Doctor takes the stand in Huntly death inquest

01:28, Feb 18 2014
Casey Nathan
TRAGIC END: Casey Nathan, kissed here by Hayden Tukiri, died six hours after giving birth.

A Waikato Hospital doctor could say only that it was "possible" the life of a young Huntly mother would have been saved if she'd been taken to hospital earlier.

Dr Aidan O'Donnell spent the morning of his second day on the stand at a coroner's inquest into the deaths of Casey Missy Turama Nathan, 20, and her son, Kymani, in Hamilton today.

Nathan died in Waikato Hospital on May 21, 2012, six hours after giving birth to Kymani, who died two days later.
When questioned by coroner Garry Evans, O'Donnell, who has 16 years' experience, said it appeared Nathan was suffering an amniotic fluid embolism (AFE) when she arrived at Waikato Hospital.

Casey Nathan family
SEEKING ANSWERS: Friends and family of Casey Nathan arrive at court. They provided a list of 10 concerns they wanted addressed.

AFE is a rare and incompletely understood obstetric emergency in which amniotic fluid, foetal cells, hair, or other debris enter the mother's bloodstream via the placental bed of the uterus and trigger an allergic reaction.

This results in the heart and lung collapsing.

The coroner asked O'Donnell if the hospital had had access to Nathan earlier, would AFE have been diagnosed earlier?


"Yes," O'Donnell replied.

However, he said it was only "possible" that her life would have been saved.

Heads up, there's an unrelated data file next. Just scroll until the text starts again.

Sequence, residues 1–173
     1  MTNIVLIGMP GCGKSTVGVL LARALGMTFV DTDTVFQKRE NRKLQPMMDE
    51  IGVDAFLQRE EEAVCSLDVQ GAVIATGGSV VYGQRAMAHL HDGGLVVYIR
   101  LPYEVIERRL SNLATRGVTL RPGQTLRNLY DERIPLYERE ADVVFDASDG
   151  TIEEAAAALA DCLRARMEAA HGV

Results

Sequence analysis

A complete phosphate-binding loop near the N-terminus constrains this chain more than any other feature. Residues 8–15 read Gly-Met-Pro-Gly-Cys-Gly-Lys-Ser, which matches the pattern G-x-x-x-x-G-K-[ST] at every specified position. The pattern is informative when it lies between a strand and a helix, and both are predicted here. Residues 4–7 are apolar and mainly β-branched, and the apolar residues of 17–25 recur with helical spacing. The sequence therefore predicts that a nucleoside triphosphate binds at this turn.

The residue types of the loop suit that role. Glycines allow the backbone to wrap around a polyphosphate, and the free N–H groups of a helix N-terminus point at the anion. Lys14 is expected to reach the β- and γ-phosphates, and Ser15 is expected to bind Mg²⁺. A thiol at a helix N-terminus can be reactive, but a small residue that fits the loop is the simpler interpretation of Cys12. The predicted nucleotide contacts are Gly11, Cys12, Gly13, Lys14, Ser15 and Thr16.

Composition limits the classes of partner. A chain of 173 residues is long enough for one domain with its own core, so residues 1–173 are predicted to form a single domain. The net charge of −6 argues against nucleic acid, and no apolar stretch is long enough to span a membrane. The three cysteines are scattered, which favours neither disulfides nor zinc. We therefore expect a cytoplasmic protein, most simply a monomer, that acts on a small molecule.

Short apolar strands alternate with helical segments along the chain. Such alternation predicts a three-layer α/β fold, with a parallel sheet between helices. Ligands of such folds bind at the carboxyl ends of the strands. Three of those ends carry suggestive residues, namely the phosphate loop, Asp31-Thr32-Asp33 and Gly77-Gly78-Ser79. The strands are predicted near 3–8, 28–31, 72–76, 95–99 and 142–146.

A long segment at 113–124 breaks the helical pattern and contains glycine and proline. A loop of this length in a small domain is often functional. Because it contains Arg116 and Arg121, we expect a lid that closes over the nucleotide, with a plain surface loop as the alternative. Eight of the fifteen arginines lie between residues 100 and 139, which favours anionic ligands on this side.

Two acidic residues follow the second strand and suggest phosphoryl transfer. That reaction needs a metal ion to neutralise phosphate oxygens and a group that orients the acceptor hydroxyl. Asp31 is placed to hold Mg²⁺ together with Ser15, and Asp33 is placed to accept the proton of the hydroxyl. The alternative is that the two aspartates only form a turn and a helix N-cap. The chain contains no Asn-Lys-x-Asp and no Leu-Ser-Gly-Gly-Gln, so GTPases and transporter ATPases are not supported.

He told counsel representing the Nathan whanau and Hayden Tukiri - Nathan's partner - that when Nathan arrived at hospital she had suffered extreme blood loss, estimated at 2 litres. This was classified as Class 4 - the most severe loss that a person can experience.

O'Donnell said he was surprised at Nathan's state, given the hospital had been told she'd lost less than that.
Counsel Kay Hoult asked him whether the underestimation of blood loss was acceptable.

Nathan's lead maternity carer - who has name suppression - had recorded that she had lost just 480 millilitres of blood at Huntly Birth Care, Hoult said.

O'Donnell said a healthy woman going through labour would normally lose about 500ml.

Asked why the midwives didn't insert an intravenous line into Nathan sooner - at Huntly Birth Care - O'Donnell said that by then Kymani had been born, and "there were conflicting demands on their time".

O'Donnell said the delay in the midwives getting an IV line in was "slightly disappointing". However, even his own staff struggled to do the same at Waikato Hospital.

The doctor said it was his opinion, from the evidence that he had read, that Kymani suffered an event during delivery which resulted in his brain damage.

Therefore, O'Donnell said, by the time the ambulance arrived the damage had already been done.

The coroner's court heard up to 14 doctors worked to save Nathan.